In the meantime, Netto had tried to locate the original inscription. The letter writer was one Joaquim Alves da Costa, a plantation owner from a place named Pouso Alto, near Paraíba; several places called Pouso Alto were found, while two places named Paraíba are known (one in the province of the same name, the other near Rio de Janeiro). Alves da Costa and his estate proved impossible to locate and Netto concluded that the whole affair was nothing more than a hoax, publishing a report as Lettre à Monsieur Ernest Renan à propos de l’Inscription Phénicienne Apocryphe soumise en 1872 à l’Institut historique, géographiqe et ethnographique du Brésil (“Letter to M Ernest Renan concerning the fake Phoenician inscription submitted in 1872 to the Historical, Geographical and Ethnographic Institute of Brazil”) in 1885. Netto blamed the hoax on foreigners who were trying to discredit Brazilian scientists and although he claimed to know the identity of the hoaxer, declined to reveal it.

However, the story was revived more than eighty years after Netto’s debunking work was published in 1885, when Jules Piccus (1920-1997), professor of Romance languages at the University of Massachusetts (Amherst, USA), bought a scrapbook at a jumble sale in Providence (Rhode Island, USA) in 1967. It contained correspondence sent by Netto to Wilberforce Eames (1855-1937), a librarian at New York Public Library, which included a copy of the alleged inscription and a translation made by Netto in 1874. Piccus, who seems to have been unaware of Netto’s 1885 report, sent a copy to Cyrus Herzl Gordon (1909-2001), head of the Department of Mediterranean Studies at Brandeis University in Waltham (Massachusetts, USA) and an expert in ancient Semitic languages. Unlike Renan, he thought the Paraíba inscription contained elements of Phoenician style that were unknown in the nineteenth century and concluded that it was genuine.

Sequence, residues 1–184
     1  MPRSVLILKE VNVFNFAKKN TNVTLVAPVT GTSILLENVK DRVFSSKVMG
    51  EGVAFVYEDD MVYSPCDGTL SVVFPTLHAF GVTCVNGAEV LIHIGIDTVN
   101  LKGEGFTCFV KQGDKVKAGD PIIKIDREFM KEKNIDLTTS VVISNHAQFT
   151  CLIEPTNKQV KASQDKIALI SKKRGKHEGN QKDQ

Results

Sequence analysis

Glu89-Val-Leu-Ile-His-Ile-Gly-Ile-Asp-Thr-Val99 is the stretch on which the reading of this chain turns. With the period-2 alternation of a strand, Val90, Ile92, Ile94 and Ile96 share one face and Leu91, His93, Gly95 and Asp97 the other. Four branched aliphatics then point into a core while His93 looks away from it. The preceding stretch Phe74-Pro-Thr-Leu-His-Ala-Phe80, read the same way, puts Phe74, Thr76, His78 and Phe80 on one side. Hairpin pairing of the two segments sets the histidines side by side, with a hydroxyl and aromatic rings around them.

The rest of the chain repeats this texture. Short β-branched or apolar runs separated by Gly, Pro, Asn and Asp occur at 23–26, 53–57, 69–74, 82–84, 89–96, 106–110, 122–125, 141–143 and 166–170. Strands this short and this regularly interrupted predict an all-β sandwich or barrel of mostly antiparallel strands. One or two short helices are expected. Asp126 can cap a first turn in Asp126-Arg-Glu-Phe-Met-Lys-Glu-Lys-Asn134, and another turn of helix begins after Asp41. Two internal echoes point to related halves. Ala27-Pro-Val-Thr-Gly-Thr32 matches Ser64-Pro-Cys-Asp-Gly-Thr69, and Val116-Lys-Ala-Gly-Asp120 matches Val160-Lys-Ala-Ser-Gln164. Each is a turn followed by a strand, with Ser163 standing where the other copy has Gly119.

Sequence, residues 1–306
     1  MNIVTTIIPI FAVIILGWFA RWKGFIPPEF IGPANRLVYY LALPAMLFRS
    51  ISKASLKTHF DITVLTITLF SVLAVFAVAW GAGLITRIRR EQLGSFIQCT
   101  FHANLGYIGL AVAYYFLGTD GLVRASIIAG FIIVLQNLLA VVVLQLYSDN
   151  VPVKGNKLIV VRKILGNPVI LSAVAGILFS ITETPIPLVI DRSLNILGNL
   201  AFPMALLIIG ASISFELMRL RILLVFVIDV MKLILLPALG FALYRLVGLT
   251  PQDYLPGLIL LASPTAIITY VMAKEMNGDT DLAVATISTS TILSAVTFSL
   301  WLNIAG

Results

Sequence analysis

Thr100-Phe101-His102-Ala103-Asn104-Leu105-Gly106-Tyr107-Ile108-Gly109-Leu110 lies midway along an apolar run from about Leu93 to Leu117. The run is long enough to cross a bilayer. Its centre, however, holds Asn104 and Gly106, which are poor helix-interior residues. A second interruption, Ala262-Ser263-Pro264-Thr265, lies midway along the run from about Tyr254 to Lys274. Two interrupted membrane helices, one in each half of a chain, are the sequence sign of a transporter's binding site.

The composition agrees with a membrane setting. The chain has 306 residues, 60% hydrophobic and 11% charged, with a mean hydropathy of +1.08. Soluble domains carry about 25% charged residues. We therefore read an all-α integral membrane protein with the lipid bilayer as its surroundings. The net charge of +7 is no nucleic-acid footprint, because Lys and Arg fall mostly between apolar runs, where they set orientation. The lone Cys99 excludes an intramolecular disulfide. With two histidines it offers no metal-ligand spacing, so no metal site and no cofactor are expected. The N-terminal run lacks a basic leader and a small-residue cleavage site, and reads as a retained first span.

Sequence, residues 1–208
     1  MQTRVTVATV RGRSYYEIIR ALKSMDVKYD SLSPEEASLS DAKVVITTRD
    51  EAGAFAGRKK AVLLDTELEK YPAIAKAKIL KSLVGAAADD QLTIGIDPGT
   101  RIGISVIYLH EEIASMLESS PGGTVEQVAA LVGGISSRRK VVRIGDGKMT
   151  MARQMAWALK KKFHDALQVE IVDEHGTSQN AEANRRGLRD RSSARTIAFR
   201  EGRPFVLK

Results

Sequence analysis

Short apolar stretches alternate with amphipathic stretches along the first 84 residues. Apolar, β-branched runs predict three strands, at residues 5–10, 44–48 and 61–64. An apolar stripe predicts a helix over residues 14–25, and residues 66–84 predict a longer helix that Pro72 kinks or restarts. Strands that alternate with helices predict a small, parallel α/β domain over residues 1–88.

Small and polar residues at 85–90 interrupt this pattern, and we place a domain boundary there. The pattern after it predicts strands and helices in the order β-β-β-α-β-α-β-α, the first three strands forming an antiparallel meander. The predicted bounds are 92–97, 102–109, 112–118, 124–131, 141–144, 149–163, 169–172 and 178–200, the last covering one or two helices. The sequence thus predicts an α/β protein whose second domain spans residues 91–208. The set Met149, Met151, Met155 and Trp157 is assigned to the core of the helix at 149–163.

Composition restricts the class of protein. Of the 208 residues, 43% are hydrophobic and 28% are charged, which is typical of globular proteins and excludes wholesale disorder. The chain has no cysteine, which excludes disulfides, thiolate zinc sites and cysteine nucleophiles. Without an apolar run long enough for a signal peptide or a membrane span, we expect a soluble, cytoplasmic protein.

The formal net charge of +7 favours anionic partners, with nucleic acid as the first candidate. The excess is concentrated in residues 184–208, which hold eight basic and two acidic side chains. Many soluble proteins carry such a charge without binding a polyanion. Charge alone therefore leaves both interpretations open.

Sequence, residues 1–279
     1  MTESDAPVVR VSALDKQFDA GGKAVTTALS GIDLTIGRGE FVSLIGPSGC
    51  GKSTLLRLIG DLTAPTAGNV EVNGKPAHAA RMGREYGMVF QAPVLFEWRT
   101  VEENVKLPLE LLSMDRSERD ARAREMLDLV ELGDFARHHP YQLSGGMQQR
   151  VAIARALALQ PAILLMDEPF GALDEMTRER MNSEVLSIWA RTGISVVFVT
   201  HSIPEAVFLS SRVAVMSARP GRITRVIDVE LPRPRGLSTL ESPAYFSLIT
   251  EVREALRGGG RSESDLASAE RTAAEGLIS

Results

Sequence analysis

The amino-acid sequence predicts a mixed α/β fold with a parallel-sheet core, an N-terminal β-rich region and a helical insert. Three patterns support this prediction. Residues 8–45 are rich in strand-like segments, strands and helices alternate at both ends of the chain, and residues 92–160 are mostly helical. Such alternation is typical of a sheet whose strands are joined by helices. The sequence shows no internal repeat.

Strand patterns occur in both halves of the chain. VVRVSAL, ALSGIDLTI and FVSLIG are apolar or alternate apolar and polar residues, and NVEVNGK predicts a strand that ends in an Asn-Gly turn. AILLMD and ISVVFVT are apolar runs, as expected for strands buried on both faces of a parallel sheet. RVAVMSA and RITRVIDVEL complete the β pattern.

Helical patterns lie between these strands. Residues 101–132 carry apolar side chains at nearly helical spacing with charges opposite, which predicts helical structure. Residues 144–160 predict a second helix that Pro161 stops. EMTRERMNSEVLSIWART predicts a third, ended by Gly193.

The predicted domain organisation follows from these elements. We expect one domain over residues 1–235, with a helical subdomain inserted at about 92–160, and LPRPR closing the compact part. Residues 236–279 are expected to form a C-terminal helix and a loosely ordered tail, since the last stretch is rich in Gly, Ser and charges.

Gordon was quick to release the story to the media, with a report appearing in The New York Times by the science writer Walter Seager Sullivan (1918-1996) that was widely syndicated to other newspapers, and a sensational report by A Douglas Matthews in Life. This is a tactic widely used by pseudoscientists and regarded with suspicion by scholars. Despite Gordon’s certainty about the genuineness of the inscription, he failed to find support from other linguists. He conducted a long and acrimonious dispute with Frank Moore Cross Jr (born 1921), Hancock Professor of Hebrew and Other Oriental Languages Emeritus at Harvard. Cross was scathing in his criticisms of Gordon, pointing to problems with the script, vocabulary and spelling. Gordon continued to champion this text and others as evidence for numerous transaltantic contacts in Antiquity but failed to convince sceptics.

Like the Kensington Runestone, the Paraíba Inscription was quickly denounced by linguists, subsequently to be revived by those claiming that its peculiarities could be explained by more recent discoveries that would have been unknown to a nineteenth-century hoaxer. Unlike the Runestone, though, there is no artefact to examine, no physical evidence and not even an accepted findspot. It has all the hallmarks of a crude fraud.